��Popular Science Monthly
���Yr^AtZ IrK "^^"'^^l^i^E;, These beautiful deposits assume two principal forms, the feathery
Sd iesi.n ?hf "'• ^^" ^""TV ^^' ™°^^ ^°"^"^°" ^"d the more striking in appearance ana design. The same pane of glass will exhibit entirely different designs on different nights
��exists at all times in the air, and not from raindrops; though, on the other hand, rain IS often the final product of snow that melts before it reaches the ground.
The true structure of a mass of ice may, however, be made evident by an experiment that Tyndall was fond of performing in his public lectures. Through a slab of clear ice, revealing no trace of structure, he passed the beam of an electric lamp, the light falling upon a screen. The image of the slab was magnified by a lens. While the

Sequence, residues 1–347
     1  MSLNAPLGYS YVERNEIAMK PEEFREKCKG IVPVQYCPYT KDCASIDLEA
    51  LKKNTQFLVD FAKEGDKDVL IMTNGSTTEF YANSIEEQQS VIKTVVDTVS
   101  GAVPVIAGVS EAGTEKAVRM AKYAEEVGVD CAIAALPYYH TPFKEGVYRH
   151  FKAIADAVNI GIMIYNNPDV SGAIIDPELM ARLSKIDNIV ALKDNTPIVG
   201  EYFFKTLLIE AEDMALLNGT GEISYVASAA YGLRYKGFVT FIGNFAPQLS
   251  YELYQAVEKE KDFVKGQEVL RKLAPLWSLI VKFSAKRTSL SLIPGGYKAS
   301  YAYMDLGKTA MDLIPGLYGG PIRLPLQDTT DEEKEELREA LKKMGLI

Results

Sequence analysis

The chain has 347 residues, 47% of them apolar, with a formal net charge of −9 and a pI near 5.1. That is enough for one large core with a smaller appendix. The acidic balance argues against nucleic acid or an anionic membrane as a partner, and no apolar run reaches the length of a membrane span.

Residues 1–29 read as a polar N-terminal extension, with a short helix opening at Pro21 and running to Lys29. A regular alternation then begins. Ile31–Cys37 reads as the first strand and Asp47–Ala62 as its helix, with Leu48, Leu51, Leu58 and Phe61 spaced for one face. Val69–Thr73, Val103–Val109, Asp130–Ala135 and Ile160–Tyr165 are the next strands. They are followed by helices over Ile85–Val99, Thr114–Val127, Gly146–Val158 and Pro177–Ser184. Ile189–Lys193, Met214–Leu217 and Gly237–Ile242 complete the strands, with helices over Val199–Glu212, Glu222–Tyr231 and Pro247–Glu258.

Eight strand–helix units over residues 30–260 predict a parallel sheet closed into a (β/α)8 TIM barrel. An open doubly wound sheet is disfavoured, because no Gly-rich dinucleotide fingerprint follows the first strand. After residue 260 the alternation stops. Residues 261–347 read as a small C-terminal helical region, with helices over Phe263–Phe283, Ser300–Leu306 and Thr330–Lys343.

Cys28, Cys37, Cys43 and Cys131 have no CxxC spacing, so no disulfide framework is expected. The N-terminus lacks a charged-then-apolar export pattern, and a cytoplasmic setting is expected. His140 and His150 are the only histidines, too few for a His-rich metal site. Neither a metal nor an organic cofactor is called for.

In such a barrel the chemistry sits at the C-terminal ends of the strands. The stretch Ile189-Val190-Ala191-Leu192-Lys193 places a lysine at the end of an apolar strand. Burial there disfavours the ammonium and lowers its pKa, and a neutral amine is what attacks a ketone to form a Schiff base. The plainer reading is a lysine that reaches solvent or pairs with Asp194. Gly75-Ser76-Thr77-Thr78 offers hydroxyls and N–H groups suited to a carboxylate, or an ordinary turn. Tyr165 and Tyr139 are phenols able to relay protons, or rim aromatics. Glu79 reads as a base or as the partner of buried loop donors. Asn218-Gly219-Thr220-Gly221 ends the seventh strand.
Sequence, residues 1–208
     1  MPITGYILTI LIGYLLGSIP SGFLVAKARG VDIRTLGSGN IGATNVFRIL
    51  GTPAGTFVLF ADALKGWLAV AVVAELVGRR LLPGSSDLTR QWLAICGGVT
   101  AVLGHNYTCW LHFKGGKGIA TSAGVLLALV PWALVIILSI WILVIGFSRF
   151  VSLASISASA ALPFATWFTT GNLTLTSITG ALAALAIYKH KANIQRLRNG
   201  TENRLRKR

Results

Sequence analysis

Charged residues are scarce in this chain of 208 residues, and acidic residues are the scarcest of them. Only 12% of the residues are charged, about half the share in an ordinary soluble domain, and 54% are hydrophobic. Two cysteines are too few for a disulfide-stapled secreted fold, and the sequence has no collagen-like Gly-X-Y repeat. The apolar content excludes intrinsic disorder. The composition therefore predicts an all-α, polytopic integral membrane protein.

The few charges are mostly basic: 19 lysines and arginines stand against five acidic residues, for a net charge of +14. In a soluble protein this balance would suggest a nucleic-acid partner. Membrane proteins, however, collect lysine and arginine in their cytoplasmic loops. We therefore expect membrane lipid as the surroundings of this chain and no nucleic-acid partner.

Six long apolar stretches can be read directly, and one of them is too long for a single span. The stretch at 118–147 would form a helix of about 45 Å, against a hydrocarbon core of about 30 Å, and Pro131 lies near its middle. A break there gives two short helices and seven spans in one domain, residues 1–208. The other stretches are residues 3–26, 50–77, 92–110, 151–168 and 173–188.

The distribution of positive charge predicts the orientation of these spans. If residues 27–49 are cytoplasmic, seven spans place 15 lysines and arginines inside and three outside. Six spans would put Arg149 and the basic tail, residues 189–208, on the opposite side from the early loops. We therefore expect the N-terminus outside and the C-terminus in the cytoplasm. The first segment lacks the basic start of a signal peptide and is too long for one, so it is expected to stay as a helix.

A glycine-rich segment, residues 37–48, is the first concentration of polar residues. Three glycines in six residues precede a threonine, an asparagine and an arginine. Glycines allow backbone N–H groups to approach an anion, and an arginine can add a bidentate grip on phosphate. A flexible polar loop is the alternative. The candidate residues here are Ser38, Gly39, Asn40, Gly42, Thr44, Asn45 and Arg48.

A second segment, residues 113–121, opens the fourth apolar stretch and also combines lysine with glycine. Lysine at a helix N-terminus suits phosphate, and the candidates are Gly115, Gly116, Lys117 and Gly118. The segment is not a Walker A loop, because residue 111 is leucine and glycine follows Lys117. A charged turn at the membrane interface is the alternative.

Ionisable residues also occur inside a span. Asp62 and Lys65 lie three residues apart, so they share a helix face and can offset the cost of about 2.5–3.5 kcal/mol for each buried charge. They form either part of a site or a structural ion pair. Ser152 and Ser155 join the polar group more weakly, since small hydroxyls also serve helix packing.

��light of the lamp was transmitted freely, its heat was partly absorbed by the ice, and produced an interesting transforma- tion. _ Numerous six-rayed stars and com- binations of such stars appeared here and there on the screen. These "ice-flowers," as they are called, resulted from the melt- ing of crystals locked up in the block of ice; they were, in fact, hollow spaces, retaining the form of the original crystals but filled with water.
The invisible moisture of the air produces